What do you think? Let me know at if you like any of these ideas or if you have any of your own suggestions for a workshop, seminar or webinar. I am very interested in pursuing this option, and hope to create one on a topic of interest at some time in the near future. Skillshare approached me about putting together a course, but I had to put it off as I did not have the bandwidth for putting it together.

PS. Check out my talk on better communication via email, given at the Editors Toronto meeting.

David Gargaro

Ten tips on publishing your own newsletter

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When I worked at a small publishing company, I wrote a weekly newsletter called Cram This! I used the newsletter to promote the company to our customers, discuss new and existing titles, provide useful information found in our titles, entice people with special offers, and more. It was quite popular and effective during its time.

I’ve written, edited and subscribed to enough newsletters over the years to understand how useful they are in building a brand and a business. Newsletters are great for educating and informing your current clients, and attracting new clients by establishing yourself as an expert in your field. I’ve thought about writing a newsletter to do the same with my current business. However, I current write LinkedIn posts and tweet, and am not sure how a newsletter would significantly differ. It would also require more time away from my business and other activities. Still, I am seriously considering developing a newsletter to help grow and promote my business – but it has to be useful, interesting, entertaining, and different.

Do you want to put out your own newsletter? Then consider the following tips for making it more effective for your business:

  1. Always provide contact information so that readers can contact you for more details about you and your business. Provide links to your website, email address, social media pages, phone numbers and so on.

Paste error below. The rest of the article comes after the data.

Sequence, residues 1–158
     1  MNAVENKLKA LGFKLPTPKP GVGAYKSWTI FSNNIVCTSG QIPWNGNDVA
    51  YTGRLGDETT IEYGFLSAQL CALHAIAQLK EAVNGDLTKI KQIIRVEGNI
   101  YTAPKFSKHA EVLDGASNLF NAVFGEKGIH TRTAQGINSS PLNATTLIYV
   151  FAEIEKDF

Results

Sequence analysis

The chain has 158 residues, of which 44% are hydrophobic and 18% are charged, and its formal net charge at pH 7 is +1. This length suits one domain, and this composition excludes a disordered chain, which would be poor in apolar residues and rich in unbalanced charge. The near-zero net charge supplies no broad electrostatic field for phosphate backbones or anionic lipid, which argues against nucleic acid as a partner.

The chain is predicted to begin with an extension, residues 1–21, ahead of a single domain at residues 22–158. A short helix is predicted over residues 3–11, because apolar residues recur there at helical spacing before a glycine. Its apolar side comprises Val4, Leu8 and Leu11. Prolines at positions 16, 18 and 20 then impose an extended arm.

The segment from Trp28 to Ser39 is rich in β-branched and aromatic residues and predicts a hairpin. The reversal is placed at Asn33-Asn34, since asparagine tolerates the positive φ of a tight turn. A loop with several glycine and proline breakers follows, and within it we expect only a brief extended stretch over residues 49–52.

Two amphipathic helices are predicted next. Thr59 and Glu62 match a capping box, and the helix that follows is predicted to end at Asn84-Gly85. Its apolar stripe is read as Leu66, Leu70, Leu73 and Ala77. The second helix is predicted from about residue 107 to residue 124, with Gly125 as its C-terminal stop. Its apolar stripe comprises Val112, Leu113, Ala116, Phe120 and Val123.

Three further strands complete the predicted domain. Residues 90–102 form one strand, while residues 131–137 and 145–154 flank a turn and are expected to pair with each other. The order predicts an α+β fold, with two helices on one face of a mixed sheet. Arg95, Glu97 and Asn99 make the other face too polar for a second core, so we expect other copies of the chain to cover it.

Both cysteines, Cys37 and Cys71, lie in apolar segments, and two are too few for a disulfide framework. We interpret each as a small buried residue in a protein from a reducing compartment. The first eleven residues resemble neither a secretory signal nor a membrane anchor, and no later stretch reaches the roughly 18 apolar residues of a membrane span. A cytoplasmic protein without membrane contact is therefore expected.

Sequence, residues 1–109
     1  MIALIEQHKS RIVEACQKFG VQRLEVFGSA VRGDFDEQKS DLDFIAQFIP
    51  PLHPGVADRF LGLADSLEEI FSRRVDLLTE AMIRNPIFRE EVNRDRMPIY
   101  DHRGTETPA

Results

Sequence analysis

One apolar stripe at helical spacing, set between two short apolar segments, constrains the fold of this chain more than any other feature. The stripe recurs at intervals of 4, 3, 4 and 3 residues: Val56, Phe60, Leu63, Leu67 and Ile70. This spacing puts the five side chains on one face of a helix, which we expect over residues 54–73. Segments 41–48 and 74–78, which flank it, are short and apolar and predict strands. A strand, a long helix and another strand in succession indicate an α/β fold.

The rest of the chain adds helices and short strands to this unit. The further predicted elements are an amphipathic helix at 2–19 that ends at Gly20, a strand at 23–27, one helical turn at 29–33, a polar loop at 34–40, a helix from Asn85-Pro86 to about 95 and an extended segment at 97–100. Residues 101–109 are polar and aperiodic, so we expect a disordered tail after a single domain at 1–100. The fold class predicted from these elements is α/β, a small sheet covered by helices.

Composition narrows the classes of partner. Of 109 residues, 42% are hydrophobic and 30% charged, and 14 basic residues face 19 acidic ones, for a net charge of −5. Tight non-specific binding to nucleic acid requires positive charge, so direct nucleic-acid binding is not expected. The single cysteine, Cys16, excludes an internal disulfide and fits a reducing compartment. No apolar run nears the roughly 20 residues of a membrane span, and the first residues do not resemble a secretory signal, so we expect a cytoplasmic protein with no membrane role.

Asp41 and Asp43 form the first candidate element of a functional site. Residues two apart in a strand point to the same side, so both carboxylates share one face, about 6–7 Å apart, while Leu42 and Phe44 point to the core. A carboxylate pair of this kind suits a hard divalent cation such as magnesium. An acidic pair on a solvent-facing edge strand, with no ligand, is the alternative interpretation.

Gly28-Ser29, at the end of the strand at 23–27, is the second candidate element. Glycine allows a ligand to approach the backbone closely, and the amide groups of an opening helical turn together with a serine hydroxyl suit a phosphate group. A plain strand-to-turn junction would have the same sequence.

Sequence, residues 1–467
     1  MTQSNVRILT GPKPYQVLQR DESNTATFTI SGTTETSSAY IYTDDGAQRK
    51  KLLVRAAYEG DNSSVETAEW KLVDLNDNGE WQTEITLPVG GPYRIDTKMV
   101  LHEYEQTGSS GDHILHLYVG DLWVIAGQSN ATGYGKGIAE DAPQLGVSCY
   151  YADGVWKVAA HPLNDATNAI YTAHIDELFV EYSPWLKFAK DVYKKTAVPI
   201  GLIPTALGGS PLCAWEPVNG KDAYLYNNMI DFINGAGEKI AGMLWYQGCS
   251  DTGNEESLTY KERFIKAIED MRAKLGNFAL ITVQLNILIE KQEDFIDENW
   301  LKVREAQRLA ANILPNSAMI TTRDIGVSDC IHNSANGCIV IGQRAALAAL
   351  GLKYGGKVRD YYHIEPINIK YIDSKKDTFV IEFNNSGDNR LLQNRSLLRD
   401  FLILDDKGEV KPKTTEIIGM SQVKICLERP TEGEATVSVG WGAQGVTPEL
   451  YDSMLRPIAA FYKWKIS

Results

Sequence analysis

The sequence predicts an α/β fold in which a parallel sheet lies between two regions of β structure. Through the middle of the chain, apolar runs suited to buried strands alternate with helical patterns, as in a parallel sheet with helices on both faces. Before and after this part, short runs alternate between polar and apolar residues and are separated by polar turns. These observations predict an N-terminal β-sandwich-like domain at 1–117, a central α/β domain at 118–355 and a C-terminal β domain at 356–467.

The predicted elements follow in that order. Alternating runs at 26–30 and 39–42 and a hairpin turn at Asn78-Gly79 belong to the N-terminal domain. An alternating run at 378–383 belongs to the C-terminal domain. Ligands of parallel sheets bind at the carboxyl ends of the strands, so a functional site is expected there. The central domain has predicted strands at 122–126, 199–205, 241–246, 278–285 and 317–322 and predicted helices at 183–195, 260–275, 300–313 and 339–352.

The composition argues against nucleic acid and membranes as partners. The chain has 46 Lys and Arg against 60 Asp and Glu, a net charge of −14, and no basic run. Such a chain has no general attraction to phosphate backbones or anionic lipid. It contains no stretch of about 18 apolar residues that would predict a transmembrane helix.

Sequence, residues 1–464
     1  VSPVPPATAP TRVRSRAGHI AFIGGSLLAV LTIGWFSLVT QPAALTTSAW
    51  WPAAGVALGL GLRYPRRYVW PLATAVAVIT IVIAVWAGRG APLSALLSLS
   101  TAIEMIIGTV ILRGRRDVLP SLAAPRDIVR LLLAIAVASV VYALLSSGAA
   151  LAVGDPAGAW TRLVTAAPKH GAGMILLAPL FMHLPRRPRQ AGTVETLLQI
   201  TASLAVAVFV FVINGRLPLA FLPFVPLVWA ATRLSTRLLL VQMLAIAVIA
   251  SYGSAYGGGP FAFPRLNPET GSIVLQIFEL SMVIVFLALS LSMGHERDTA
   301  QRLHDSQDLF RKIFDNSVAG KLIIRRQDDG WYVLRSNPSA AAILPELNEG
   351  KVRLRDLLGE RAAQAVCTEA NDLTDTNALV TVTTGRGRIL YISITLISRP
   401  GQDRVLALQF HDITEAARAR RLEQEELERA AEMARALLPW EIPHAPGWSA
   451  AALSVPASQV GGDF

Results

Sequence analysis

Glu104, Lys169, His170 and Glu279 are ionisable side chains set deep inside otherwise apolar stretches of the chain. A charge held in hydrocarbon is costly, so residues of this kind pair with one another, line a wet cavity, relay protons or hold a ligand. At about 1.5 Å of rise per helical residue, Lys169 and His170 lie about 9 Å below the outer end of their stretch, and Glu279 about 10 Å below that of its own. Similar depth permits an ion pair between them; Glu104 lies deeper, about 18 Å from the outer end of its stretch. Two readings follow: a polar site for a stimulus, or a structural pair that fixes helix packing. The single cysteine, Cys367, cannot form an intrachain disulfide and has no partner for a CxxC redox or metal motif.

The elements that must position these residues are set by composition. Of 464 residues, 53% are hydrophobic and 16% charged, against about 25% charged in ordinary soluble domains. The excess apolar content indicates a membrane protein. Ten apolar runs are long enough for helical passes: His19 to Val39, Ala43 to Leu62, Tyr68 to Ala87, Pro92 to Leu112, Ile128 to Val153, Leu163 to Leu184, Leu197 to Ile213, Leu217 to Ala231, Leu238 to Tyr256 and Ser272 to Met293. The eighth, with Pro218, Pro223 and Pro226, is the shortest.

2. Write in a personal style so that they feel like you are speaking just to them. Or find a style that works best for you.
  3. Make sure that the headline is clear and powerful. The headline pulls the reader in – the content keeps them there.
  4. Keep individual stories to less than half a page. Provide links for additional content.
  5. Ensure that your newsletter contains useful information, not strictly advertising or promotional material for your business.
  6. Remember that the goal for your newsletter is to attract new business while also building your image. Everything in your newsletter should build upon that.
  7. Create a plan for your newsletter, where you know what you will be writing for the next few issues. Publish an editorial calendar if possible so that your readers know what to expect in coming issues.
  8. Publish regularly – whether it’s daily, weekly, monthly or quarterly, keep it regular so that your readers know when they will get the next issue.
  9. It can be difficult to come up with new and interesting ideas for each issue of your newsletter. Consider the following sources:
    – Press releases related to your industry
    – Clippings of your work in other publications
    – Free and pay clipping services
    – Academic publications
    – Library
    – Filler services with prewritten material
    – Government publications (mostly free, reusable content!)
    – Trade magazines
    – Online resources (via search engines and meta-engines)
    – Customers and employees
    – Experts
  10. What should you include as regular features in your newsletter? Consider the following suggestions:
    – Case studies related to how your clients used your services to improve their business